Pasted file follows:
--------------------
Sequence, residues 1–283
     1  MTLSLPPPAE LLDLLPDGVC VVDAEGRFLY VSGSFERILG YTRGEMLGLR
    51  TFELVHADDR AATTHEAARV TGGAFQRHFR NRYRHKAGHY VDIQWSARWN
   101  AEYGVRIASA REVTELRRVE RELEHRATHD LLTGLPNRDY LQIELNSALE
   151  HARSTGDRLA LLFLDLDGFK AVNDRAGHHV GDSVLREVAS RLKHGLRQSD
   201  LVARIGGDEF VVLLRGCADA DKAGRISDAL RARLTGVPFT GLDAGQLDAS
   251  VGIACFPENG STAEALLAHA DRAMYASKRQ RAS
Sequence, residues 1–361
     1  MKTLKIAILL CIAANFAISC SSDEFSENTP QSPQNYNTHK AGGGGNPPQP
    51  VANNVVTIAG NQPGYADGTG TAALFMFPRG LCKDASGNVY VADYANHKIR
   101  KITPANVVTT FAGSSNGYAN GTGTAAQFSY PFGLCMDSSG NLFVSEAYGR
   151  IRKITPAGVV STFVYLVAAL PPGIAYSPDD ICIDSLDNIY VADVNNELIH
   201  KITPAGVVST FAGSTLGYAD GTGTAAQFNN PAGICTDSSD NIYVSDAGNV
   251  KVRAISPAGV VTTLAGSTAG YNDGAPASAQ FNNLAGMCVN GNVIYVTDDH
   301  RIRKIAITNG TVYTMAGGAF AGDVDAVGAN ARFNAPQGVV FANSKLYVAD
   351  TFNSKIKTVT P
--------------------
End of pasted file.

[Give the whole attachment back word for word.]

Sequence, residues 1–283
     1  MTLSLPPPAE LLDLLPDGVC VVDAEGRFLY VSGSFERILG YTRGEMLGLR
    51  TFELVHADDR AATTHEAARV TGGAFQRHFR NRYRHKAGHY VDIQWSARWN
   101  AEYGVRIASA REVTELRRVE RELEHRATHD LLTGLPNRDY LQIELNSALE
   151  HARSTGDRLA LLFLDLDGFK AVNDRAGHHV GDSVLREVAS RLKHGLRQSD
   201  LVARIGGDEF VVLLRGCADA DKAGRISDAL RARLTGVPFT GLDAGQLDAS
   251  VGIACFPENG STAEALLAHA DRAMYASKRQ RAS
Sequence, residues 1–361
     1  MKTLKIAILL CIAANFAISC SSDEFSENTP QSPQNYNTHK AGGGGNPPQP
    51  VANNVVTIAG NQPGYADGTG TAALFMFPRG LCKDASGNVY VADYANHKIR
   101  KITPANVVTT FAGSSNGYAN GTGTAAQFSY PFGLCMDSSG NLFVSEAYGR
   151  IRKITPAGVV STFVYLVAAL PPGIAYSPDD ICIDSLDNIY VADVNNELIH
   201  KITPAGVVST FAGSTLGYAD GTGTAAQFNN PAGICTDSSD NIYVSDAGNV
   251  KVRAISPAGV VTTLAGSTAG YNDGAPASAQ FNNLAGMCVN GNVIYVTDDH
   301  RIRKIAITNG TVYTMAGGAF AGDVDAVGAN ARFNAPQGVV FANSKLYVAD
   351  TFNSKIKTVT P